We live in a time where audiences are more hyper aware of the actions of the creators of their entertainment. Stories of old Hollywood have only become louder in the wider public consciousness – from Roman Polanski’s rape of a 13 year old girl, or the allegations against Woody Allen, or Marlon Brando raping Maria Schneider in Last Tango in Paris, to Casey Affleck and I’m Still Here, to Victor Salva’s continued employment, and self-designated feminist Joss Whedon’s extra marital affairs, they do not disappear. Society does not forget.

Added to this is the necessary demand from audiences to see accurate representation of characters on the screen. Ghost in the Shell may have been a visual feast, but the casting of widely known not-Asian-at-all actress Scarlett Johansson in the traditionally Japanese role caused it to be a dud at the box office. As with many stories, the casting of Johansson runs much deeper than just being your age old white washing. This great article from The Verge covers the history of Ghost in the Shell well. And of course, the recent casting, then resignation of Ed Skrein in Hellboy in the role of a character who is of Japanese-American origin shows how the narrative should play out in this situation.

I want to be clear – I’m not equating sexual assault with white washing; they both have their layered issues that won’t be explored in this post, and both have caused expected, necessary outrage from the public. What I am saying is that these problems are avoidable. If Tim League had simply let Faraci go in 2016, we wouldn’t be in this mess. If a Japanese actor was cast in Ghost in the Shell or Hellboy to begin with, then we wouldn’t be in this mess. Skrein should be applauded for stepping down (he was unaware of the characters origins before signing on), but he also shouldn’t have been put in that situation to begin with.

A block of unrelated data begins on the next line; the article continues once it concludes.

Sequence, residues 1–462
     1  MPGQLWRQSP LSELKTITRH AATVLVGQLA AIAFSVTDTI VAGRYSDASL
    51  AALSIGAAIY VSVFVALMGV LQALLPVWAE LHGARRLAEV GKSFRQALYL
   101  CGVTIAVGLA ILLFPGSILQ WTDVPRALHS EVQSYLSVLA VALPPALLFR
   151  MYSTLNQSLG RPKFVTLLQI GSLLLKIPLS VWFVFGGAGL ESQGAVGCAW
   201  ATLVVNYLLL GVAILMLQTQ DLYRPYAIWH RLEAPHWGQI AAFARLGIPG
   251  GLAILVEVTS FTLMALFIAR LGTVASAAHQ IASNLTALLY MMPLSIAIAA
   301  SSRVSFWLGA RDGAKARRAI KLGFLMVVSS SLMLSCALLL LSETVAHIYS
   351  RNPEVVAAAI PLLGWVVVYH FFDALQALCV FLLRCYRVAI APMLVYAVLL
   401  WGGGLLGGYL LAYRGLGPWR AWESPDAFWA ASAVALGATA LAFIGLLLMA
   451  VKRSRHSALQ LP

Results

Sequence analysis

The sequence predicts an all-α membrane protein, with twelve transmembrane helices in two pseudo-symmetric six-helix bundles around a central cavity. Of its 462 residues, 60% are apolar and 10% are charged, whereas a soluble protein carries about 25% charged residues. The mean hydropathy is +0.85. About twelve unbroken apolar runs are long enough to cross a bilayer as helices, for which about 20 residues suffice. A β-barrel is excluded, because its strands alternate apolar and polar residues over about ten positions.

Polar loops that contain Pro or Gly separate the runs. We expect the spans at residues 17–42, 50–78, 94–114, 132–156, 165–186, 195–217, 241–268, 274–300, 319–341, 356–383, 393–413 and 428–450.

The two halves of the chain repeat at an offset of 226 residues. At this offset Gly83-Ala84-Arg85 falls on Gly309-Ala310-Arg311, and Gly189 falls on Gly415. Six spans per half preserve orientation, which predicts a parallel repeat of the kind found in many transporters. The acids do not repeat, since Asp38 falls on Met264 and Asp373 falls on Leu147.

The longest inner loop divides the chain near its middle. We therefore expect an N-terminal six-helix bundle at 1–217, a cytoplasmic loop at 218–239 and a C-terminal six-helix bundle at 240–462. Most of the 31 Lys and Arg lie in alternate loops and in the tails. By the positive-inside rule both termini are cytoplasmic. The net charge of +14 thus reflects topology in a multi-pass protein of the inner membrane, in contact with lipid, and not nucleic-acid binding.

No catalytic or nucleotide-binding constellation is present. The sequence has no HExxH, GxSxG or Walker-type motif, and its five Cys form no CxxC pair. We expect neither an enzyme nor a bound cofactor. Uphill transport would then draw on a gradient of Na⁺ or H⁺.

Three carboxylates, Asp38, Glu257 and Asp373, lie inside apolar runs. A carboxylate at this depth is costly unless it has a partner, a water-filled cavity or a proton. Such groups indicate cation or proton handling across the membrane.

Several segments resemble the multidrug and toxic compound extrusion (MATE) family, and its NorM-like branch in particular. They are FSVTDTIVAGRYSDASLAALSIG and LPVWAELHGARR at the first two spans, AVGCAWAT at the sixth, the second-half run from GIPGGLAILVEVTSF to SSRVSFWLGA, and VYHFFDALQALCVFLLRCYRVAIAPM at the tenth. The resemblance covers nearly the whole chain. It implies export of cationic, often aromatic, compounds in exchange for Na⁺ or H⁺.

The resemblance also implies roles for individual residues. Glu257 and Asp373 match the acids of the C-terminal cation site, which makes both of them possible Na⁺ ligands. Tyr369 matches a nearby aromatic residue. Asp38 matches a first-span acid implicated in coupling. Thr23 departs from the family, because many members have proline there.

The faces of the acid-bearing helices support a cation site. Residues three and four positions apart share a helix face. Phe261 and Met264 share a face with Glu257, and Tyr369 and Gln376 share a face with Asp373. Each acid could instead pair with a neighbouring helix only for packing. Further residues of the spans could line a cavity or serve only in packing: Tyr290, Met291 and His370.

And nor should the fans of these various ventures. The events of Roman Polanski’s assault occurred almost 40 years ago, have we not learned from that event? Obviously not, as not only are sexual assaults still occurring, and white washing is a regular occurrence, but literal Nazi’s are protesting in the streets for equal rights. As fans of entertainment, and the consumers of pop culture in its various forms, we expect the creators and leaders of this content and venues to lead by example.

Alamo Drafthouse was doing so well as well earlier in 2017 when it held women only screenings of Wonder Woman. Which is why it makes the wilful ignorance of Tim League all the more difficult to stomach. He was one of us, and he appeared to be once a champion for people of all walks of life. To see a place that many consider a church be turned into a place associated with disgusting figures is distressing and upsetting. I can only imagine what the employees may feel like, let alone the supporters who have dedicated their fandom to these various ventures.  

So, that leads to my personal, initial problem – this list of the 100 best Mondo prints is an ode to the work of the many great artists who have worked at Mondo. I’ve met a bunch of great people through the hobby, and even travelled interstate to support some of the artists that Mondo has housed. Even though Tim League is the owner of Mondo, he’s definitely not the leading mind behind the day to day working of Mondo. That falls on the likes of Mitch Putnam, Rob Jones, Justin Brookhart, Mo Shafeek, Jay Shaw and many many more. They’re as equal fans of pop culture as the many folks in the poster collecting community are. And through no fault of their own, they’re now associated with someone who has helped out an alleged perpetrator of sexual assault.